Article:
Marcel Köhn

Marcel Köhn

studied Biochemistry at the MLU in Halle where he also obtained his PhD in 2015. Since 2015, he is the scientific coordinator of the RTG 1591 “Posttranscriptional Control of Gene Expression” and since 2016, he is head of an independent junior research group at the Medical Faculty of the MLU. Currently, he conducts research in the field of non-coding RNAs in cardiovascular and neoplastic diseases.

Project within the RTG

The oncogenic role of cyclin L mediated by disordered RS-domains

The cyclin family constitutes an important assembly of proteins that all contain the conserved cyclin box domain. The natural binding partners of these proteins are cyclin-dependent kinases (CDKs). These kinases are usually activated by cyclin binding and can in turn activate downstream signaling events by phosphorylation of target proteins (Malumbres, 2014). Historically, cyclins can be divided into two large families, which include cell cycle regulators, such as cyclin A or B, and transcriptional regulators, such as cyclin K or T.
One of the more unusual transcriptional regulators is cyclin L (CycL). Mammalian genomes contain two copies of this gene (CycL1 and CycL2), both documented to be expressed in most tissues (Berke et al., 2001). In contrast to other members of the cyclin protein family, CycL contains disordered RS-domains (~40% of the total protein length). Accordingly, it was previously shown that CycL localizes to splicing speckles (Berke et al., 2001). Besides this fact, little is known about the molecular role of the protein in (i) splicing regulation and (ii) how this is related to its role in transcription regulation or cell cycle progression. Therefore, we aim to characterize protein and RNA interactions of CycL to elucidate mechanisms that connect splicing regulation to transcriptional regulation. This is especially important, as our recent transcriptome data suggest that CycL might act as an oncogene in clear cell renal cell carcinoma (ccRCC). Identifying novel markers and target proteins is crucial in ccRCC because metastatic ccRCC, in particular, is highly resistant to classical chemotherapy and treatment remains challenging.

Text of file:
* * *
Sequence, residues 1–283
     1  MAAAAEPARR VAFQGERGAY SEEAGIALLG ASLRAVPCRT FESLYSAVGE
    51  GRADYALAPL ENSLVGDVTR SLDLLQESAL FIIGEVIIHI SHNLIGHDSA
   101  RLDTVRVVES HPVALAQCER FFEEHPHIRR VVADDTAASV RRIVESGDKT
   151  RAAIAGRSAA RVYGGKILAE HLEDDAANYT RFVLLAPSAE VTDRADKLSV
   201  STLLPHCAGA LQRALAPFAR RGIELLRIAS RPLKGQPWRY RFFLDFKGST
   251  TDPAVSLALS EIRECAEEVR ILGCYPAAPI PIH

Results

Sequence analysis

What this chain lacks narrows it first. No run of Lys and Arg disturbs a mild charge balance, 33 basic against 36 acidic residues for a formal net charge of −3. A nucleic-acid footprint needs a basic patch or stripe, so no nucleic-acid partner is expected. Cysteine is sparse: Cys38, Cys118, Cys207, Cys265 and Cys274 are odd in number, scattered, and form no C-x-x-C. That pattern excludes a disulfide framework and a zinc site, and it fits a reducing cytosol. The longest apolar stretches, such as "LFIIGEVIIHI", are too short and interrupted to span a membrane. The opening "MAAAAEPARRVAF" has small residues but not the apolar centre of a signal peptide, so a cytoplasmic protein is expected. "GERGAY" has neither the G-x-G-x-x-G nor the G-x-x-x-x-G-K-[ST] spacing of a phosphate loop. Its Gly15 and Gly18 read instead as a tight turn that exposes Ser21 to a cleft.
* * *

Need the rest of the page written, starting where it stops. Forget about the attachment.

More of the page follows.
Literature references

Berke, J. D., Sgambato, V., Zhu, P. P., Lavoie, B., Vincent, M., Krause, M., & Hyman, S. E. (2001). Dopamine and glutamate induce distinct striatal splice forms of Ania-6, an RNA polymerase II-associated cyclin. Neuron, 32(2), 277-287.
Köhn, M., Ihling, C., Sinz, A., Krohn, K., & Hüttelmaier, S. (2015). The Y3** ncRNA promotes the 3′ end processing of histone mRNAs. Genes & Development, 29(19), 1998-2003.

Loyer, P., Trembley, J. H., Grenet, J. A., Busson, A., Corlu, A., Zhao, W., … & Lahti, J. M. (2008). Characterization of cyclin L1 and L2 interactions with CDK11 and splicing factors: influence of cyclin L isoforms on splice site selection. Journal of Biological Chemistry, 283(12), 7721-7732.

Malumbres, M. (2014). Cyclin-dependent kinases. Genome Biology, 15(6), 1-10.

Zorn, P., Misiak, D., Gekle, M., & Köhn, M. (2021). Identification and initial characterization of POLIII-driven transcripts by msRNA-sequencing. RNA Biology, 18(11), 1807-1817.